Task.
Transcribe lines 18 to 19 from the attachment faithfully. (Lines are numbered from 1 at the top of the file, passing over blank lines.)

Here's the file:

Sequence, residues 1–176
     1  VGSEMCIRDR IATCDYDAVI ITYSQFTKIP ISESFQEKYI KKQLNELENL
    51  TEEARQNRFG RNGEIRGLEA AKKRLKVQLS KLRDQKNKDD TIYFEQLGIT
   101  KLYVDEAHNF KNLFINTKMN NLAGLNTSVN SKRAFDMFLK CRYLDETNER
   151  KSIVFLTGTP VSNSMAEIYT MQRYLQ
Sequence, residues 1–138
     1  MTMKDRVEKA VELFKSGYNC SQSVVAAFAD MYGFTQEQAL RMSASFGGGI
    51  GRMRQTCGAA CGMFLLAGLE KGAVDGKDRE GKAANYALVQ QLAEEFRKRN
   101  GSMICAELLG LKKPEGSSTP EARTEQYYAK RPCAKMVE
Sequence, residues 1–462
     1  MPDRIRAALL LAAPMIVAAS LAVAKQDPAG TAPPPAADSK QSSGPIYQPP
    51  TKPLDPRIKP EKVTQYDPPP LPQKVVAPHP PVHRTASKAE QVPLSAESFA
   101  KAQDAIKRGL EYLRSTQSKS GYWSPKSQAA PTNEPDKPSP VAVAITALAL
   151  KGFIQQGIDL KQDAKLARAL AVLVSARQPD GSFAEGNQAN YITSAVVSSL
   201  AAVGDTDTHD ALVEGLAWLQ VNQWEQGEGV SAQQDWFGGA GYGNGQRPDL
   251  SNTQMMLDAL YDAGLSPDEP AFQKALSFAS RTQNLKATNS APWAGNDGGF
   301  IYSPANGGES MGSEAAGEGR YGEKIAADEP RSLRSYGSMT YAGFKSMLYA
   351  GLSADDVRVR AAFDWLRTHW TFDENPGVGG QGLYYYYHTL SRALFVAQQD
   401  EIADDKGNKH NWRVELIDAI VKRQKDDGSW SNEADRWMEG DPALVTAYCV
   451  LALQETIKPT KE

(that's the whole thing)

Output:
   351  GLSADDVRVR AAFDWLRTHW TFDENPGVGG QGLYYYYHTL SRALFVAQQD
   401  EIADDKGNKH NWRVELIDAI VKRQKDDGSW SNEADRWMEG DPALVTAYCV